The Golden Ticket: P, NP, and the Search for the Impossible

  • 2h 44m
  • Lance Fortnow
  • Princeton University Press
  • 2013

The P-NP problem is the most important open problem in computer science, if not all of mathematics. The Golden Ticket provides a nontechnical introduction to P-NP, its rich history, and its algorithmic implications for everything we do with computers and beyond. In this informative and entertaining book, Lance Fortnow traces how the problem arose during the Cold War on both sides of the Iron Curtain, and gives examples of the problem from a variety of disciplines, including economics, physics, and biology. He explores problems that capture the full difficulty of the P-NP dilemma, from discovering the shortest route through all the rides at Disney World to finding large groups of friends on Facebook. But difficulty also has its advantages. Hard problems allow us to safely conduct electronic commerce and maintain privacy in our online lives.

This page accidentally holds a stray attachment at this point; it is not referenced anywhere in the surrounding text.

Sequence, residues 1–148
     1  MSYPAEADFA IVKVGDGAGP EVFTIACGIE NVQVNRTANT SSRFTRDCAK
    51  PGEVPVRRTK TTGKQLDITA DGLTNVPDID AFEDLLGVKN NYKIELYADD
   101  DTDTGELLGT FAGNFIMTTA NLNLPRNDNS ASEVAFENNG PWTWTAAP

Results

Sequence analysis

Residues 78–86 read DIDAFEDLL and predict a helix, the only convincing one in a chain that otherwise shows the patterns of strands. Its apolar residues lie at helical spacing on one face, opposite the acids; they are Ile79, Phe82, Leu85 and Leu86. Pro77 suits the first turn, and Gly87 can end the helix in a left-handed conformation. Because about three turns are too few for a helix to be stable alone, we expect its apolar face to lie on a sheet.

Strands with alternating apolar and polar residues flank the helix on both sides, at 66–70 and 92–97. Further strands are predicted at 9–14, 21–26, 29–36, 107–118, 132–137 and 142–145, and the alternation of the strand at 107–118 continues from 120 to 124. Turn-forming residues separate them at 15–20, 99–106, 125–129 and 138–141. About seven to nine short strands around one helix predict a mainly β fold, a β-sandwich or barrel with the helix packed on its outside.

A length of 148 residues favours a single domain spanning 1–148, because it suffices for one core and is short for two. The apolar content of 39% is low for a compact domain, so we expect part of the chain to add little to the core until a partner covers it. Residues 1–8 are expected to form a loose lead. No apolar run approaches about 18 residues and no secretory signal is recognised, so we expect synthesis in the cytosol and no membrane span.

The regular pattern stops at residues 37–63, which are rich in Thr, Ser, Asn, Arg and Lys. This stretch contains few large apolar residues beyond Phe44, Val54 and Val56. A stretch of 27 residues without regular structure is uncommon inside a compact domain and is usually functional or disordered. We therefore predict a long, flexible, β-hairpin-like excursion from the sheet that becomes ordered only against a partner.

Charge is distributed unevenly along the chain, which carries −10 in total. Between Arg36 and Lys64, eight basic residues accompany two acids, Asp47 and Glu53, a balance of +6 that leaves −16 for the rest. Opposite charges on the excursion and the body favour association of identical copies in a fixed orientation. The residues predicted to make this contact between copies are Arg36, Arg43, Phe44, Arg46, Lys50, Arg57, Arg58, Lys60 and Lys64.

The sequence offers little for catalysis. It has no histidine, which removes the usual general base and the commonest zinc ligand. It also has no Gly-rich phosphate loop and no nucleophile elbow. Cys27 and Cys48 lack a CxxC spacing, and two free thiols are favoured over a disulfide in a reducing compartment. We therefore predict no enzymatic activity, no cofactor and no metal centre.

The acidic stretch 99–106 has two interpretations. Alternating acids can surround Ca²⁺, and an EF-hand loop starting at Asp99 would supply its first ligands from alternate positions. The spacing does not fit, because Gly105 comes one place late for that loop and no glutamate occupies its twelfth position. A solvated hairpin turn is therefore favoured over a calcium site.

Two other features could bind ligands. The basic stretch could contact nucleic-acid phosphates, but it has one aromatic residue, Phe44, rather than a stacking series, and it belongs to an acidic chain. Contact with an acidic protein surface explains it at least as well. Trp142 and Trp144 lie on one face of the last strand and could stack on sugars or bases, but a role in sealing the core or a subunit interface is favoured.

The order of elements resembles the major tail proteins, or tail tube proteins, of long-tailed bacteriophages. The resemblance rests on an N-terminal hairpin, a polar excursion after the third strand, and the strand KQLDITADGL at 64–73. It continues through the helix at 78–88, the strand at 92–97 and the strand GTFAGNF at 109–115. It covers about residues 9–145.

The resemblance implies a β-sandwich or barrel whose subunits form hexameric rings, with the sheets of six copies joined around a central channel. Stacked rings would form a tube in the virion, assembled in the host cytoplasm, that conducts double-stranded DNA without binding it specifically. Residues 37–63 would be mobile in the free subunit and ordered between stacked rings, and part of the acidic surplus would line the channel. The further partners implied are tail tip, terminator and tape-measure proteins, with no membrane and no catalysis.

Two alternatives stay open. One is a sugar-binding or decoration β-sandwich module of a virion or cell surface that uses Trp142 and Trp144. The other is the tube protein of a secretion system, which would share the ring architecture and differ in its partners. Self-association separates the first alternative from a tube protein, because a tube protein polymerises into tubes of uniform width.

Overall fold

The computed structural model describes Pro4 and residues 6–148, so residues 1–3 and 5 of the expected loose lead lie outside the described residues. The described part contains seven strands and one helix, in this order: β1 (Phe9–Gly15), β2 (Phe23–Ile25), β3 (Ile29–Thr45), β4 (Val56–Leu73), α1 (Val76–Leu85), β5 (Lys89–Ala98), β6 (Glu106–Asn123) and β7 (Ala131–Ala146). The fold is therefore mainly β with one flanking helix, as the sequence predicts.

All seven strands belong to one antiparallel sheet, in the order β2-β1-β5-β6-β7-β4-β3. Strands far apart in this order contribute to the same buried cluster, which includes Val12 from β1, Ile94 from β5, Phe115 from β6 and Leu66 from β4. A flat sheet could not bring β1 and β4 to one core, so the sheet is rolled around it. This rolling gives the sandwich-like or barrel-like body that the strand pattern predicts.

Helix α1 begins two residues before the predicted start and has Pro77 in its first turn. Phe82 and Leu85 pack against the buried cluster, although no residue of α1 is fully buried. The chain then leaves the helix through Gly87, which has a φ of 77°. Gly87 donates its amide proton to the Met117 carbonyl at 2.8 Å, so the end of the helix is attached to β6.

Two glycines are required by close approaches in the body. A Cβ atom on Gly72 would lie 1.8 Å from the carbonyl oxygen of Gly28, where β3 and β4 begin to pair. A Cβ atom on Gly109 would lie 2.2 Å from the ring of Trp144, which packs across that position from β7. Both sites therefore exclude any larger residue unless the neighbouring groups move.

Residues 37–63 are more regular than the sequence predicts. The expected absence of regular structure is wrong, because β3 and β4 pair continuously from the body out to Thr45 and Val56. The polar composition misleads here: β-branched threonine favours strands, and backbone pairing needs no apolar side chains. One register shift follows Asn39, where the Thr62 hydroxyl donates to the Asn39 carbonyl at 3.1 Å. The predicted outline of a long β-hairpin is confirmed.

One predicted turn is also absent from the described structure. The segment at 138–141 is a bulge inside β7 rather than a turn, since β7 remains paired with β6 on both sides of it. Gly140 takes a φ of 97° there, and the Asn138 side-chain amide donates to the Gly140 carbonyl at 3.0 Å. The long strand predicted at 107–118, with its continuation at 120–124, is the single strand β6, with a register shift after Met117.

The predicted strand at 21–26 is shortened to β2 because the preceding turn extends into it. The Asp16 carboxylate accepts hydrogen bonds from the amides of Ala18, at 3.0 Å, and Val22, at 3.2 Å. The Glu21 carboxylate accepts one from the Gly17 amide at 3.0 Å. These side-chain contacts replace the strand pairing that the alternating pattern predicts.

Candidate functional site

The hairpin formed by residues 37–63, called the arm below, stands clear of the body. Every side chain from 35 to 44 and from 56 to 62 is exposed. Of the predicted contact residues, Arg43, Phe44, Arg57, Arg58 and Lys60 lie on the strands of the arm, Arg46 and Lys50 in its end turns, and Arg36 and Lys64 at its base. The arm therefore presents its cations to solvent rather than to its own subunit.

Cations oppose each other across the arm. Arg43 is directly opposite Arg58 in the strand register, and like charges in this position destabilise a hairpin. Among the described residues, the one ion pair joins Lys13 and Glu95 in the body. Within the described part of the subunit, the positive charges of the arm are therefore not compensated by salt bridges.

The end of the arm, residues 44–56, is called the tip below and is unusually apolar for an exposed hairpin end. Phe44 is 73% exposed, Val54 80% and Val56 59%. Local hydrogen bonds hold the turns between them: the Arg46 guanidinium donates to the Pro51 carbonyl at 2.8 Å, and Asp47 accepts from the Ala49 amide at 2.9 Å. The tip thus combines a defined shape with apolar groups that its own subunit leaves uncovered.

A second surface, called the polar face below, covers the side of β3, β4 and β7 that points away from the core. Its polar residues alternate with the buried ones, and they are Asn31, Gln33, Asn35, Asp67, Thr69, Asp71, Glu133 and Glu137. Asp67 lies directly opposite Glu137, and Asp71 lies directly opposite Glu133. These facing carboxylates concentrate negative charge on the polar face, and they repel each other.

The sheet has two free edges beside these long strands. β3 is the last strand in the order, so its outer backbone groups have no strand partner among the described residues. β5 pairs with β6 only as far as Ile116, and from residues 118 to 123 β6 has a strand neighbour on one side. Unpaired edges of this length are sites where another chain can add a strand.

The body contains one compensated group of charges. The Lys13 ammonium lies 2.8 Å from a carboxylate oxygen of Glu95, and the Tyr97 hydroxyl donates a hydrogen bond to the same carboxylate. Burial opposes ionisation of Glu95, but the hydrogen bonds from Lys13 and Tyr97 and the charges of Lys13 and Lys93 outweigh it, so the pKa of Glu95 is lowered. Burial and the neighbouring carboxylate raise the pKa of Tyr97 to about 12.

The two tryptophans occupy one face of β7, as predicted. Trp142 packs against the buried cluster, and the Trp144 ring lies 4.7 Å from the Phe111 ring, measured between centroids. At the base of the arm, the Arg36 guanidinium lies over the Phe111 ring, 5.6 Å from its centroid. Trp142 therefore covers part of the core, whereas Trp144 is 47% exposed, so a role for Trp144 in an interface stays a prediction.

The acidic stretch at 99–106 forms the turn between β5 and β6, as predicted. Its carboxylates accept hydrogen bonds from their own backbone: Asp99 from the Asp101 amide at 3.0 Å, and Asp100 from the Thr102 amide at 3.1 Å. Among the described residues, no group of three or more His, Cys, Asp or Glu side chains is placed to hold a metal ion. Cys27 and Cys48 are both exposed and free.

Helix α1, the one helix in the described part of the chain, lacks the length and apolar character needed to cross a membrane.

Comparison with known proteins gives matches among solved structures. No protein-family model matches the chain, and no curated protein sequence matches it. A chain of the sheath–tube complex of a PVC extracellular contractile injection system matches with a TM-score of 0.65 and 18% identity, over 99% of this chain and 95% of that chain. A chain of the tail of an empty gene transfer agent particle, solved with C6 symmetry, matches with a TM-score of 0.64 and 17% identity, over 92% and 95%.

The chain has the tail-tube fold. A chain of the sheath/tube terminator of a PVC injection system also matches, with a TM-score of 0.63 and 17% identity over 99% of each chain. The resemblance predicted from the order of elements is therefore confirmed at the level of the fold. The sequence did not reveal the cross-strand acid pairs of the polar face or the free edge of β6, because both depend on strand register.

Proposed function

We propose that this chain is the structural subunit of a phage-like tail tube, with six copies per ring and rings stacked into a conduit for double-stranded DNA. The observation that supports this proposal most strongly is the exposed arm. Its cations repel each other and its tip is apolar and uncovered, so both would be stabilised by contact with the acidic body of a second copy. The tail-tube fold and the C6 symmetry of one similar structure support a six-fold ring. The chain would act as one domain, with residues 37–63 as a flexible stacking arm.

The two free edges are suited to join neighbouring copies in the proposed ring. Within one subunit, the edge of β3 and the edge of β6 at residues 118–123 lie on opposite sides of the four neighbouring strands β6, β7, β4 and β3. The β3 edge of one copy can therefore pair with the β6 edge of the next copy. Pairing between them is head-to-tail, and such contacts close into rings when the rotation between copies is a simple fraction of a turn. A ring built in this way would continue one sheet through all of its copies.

The Golden Ticket explores what we truly can and cannot achieve computationally, describing the benefits and unexpected challenges of the P-NP problem.

About the Author

Lance Fortnow is currently professor and chair of the School of Computer Science at Georgia Tech having previously taught at Northwestern and University of Chicago. Lance was born and raised in New York City and New Jersey.

The P versus NP problem has perplexed him for three decades now and Lance relates the good, bad and ugly of P versus NP in his first book, The Golden Ticket.

In this Book

  • The Golden Ticket—P, NP, and the Search for the Impossible
  • Preface
  • The Golden Ticket
  • The Beautiful World
  • P and NP
  • The Hardest Problems in NP
  • The Prehistory of P versus NP
  • Dealing with Hardness
  • Proving P ≠ NP
  • Secrets
  • Quantum
  • The Future
  • Chapter Notes and Sources